Halifax Water’s rates will remain flat this year, and a new, accelerated lead pipe removal program will go ahead after the utility received approval from its regulator on Thursday.
Nova Scotia’s Utility and Review Board (UARB) approved Halifax Water’s application for amendments to its rates and regulations in a decision released Thursday.
In June, the utility appeared before the board to make its case for keeping rates flat for 2020, and for accelerating its replacement of existing lead service lines in the municipality.
After originally planning to increase rates by 5.8% for the average residential ratepayer effective Sep. 1, the utility amended its application to keep all rates flat for 2020.
“Halifax Water’s initial request to increase rates was filed prior to the pandemic,” general manager Cathie O’Toole said in a news release Thursday.
“Recognizing many customers were concerned about the future and their ability to pay bills, a longer-term strategy was developed that allowed Halifax Water to reduce its requested rate increases, while continuing to maintain high quality, reliable and affordable service.”
One of the rates will rise on April 1, 2021: the wastewater treatment charge will increase 32 cents per 1,000 litres. Halifax Water says that will result in an annual increase of 4.9% on average residential bills in 2021-2022, equal to $37.60.
The UARB approved the plan, but it’s warning that this year’s flat rates could lead to future spikes.
“The Board understands that the revised application provides relief to customers over the next two years, but cautions that this may result in a larger rate increase in future years once deferred capital projects begin,” the decision said.
Thursday’s approval also means Halifax Water will take on the full cost of replacing many lead service lines. As the Examiner reported in June:
There are an estimated 3,500 private lead service lines — the pipes carrying water from the shut-off at the property line into the meter in ratepayers’ homes — left in peninsular Halifax and urban Dartmouth. There are another 2,000 pipes on the public side, carrying water from the main distribution line to the shut-off.
Halifax Water has had a rebate program since 2017 covering 25% of the cost of replacing ratepayers’ private lead service lines up to $2,500. Uptake has been worse than the utility had hoped: 200 people have taken advantage of the program, with an average payout of about $900.
The utility’s goal til last year was to replace all the lead pipes by 2050. But at the rate they were going, they were on track to complete the work by 2064.
Now Halifax Water is proposing to pay 100% of the cost of replacing the lead pipes and get them all out of the ground by 2038. No other Canadian utility is paying the entire cost.
In its application to the UARB, Halifax Water says there are jurisdictions in the U.S. already paying the full cost and others in the process of amending their regulations to do so.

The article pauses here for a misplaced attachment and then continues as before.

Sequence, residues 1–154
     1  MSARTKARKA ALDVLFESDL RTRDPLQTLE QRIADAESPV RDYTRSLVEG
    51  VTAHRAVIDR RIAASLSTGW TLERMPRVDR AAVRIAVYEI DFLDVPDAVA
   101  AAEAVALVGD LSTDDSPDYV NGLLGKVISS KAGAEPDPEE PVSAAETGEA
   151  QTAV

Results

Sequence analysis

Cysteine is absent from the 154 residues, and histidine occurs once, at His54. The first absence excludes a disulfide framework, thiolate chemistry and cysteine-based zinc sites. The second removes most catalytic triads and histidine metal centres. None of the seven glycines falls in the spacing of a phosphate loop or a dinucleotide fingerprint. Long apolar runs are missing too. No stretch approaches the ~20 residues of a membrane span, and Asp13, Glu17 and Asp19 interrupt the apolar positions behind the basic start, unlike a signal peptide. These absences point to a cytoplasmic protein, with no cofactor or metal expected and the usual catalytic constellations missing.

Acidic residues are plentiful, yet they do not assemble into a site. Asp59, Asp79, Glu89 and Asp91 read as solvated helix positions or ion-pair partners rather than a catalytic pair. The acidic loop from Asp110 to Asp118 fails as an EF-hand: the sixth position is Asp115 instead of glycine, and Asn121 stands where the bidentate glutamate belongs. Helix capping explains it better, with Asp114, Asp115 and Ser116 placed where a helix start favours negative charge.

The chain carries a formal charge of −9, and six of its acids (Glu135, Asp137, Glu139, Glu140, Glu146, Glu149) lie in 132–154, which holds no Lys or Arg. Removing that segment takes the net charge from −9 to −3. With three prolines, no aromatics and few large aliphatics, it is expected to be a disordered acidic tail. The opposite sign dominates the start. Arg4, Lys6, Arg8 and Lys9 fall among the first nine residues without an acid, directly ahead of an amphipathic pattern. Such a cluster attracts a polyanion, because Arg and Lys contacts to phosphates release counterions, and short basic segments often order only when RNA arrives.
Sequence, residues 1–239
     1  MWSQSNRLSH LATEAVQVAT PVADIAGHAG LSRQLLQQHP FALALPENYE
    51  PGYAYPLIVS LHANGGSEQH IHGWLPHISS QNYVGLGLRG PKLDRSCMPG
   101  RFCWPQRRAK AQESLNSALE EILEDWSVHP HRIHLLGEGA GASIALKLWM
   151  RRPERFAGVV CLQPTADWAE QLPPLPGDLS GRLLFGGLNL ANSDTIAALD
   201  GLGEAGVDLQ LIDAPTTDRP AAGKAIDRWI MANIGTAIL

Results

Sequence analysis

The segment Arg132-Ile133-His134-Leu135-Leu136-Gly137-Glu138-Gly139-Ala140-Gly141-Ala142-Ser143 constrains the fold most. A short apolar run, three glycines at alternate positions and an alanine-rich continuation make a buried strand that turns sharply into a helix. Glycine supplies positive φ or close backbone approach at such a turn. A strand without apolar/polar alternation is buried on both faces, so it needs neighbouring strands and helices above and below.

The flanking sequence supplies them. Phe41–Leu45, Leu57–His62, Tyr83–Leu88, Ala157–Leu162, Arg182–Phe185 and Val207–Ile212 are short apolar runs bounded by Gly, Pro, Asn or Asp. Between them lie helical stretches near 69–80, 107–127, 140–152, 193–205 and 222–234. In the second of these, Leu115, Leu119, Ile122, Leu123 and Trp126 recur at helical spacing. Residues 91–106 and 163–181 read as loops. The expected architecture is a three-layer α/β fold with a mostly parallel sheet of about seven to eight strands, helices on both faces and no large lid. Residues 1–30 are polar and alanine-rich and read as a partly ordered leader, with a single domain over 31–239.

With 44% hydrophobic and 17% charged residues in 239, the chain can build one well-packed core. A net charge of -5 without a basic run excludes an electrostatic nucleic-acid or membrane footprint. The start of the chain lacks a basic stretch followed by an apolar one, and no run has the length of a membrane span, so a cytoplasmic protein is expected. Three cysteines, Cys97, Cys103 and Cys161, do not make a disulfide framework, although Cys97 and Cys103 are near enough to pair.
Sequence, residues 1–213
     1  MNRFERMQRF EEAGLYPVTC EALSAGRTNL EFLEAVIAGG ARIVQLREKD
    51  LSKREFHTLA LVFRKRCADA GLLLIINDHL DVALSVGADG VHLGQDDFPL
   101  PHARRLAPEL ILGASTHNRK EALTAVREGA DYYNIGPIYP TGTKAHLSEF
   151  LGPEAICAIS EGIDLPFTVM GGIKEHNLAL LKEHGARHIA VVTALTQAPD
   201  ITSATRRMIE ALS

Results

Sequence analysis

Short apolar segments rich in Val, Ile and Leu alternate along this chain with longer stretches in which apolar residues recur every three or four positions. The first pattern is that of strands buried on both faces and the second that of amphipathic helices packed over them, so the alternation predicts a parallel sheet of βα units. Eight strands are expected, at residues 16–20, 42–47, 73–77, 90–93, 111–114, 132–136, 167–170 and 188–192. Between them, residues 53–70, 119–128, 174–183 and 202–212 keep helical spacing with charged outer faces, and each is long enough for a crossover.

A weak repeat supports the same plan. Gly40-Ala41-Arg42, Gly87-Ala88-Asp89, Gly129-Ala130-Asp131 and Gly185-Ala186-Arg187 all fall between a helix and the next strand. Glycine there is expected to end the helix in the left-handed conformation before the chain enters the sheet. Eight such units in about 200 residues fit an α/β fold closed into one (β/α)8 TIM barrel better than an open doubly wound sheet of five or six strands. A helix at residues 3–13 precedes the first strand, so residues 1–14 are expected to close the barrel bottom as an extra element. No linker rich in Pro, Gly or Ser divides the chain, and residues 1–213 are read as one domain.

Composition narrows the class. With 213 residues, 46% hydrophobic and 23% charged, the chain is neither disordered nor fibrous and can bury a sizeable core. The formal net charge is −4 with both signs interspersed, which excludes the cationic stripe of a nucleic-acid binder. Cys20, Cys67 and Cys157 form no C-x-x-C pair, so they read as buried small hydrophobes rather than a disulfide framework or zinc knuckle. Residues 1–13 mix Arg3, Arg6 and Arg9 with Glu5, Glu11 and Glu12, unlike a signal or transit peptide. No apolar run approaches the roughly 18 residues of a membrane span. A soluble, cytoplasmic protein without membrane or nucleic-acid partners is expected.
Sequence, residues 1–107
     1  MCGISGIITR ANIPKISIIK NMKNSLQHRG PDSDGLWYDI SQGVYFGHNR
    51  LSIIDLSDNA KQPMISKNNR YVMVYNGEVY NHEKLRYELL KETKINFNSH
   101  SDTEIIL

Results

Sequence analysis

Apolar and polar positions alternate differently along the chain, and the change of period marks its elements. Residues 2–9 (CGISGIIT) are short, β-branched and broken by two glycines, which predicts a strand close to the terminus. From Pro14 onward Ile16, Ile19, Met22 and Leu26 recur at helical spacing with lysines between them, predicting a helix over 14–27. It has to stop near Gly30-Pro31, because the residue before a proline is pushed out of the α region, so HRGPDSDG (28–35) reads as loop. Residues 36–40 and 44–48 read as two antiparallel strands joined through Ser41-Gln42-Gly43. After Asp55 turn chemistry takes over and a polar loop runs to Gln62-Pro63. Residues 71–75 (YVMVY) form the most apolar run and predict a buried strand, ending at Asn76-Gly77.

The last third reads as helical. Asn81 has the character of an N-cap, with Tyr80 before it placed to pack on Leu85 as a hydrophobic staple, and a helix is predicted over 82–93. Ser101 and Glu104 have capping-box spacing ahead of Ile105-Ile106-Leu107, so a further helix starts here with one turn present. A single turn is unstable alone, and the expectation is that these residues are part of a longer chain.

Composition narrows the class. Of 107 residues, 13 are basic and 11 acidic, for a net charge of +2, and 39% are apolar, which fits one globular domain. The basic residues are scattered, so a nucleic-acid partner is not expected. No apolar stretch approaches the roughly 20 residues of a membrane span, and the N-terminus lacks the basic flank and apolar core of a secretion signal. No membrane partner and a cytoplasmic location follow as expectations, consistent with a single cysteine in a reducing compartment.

The UARB decision says, “The Board notes that there was no opposition to the proposed enhancements to the lead service line replacement program. The Board approves the Regulations as proposed, effective the date of the Order.”
There were concerns raised, however, about the wait for some ratepayers, as we reported in June:
In the interest of efficiency and cost-saving, Halifax Water would replace every lead pipe on a street when that street is being paved by Halifax Regional Municipality. Outside of that paving work, the utility would also target streets with a high density of lead pipes, and individual homes with at-risk occupants like pregnant women, children, and seniors.
If a homeowner who is not considered to be at risk wants their pipes replaced sooner, they’ll only qualify for the existing 25% rebate up to $2,500.
“If you’re waiting for a street renewal, they may be waiting for 10, 20 years,” UARB lawyer Bruce Outhouse said on Monday.
Halifax Water general manager Cathie O’Toole said that’s correct.
“We’re also looking at how we can have a targeted program for individual customers that have more sensitivity, where there might be more urgent public health concerns,” O’Toole said.
That targeting program has yet to be fully developed, but she added that the utility provides free testing and water filtration kits for households while they wait to have their pipes replaced.
The board decision said the changes to the lead service line replacement program “would apply at the effective date of the Board Order.”
“Halifax Water is directed to file a compliance filing, including all amended Rates and Regulations, on or before September 10, 2020,” the decision said.
“An Order will issue accordingly.”
Halifax Water’s board approved the lead service line proposal in December following a nationwide collaborative investigation led by Concordia University’s Institute for Investigative Journalism. That investigation uncovered dangerous levels of lead in drinking water in schools and wells across Nova Scotia, and revealed a testing history of high levels of lead in homes in Halifax amid lacklustre uptake in the utility’s rebate program.